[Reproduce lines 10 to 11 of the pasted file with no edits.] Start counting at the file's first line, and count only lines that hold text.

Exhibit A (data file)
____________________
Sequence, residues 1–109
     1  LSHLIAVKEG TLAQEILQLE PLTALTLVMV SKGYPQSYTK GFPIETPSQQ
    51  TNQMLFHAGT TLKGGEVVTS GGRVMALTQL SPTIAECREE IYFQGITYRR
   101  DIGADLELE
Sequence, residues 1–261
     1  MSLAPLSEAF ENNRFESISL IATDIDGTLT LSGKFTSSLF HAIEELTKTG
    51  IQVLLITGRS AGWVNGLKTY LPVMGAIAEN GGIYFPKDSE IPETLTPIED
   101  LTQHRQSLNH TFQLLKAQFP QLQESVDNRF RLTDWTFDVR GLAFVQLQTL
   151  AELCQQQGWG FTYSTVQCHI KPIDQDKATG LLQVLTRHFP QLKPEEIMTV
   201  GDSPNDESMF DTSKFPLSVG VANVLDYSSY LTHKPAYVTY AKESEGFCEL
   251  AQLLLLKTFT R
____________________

   201  GDSPNDESMF DTSKFPLSVG VANVLDYSSY LTHKPAYVTY AKESEGFCEL
   251  AQLLLLKTFT R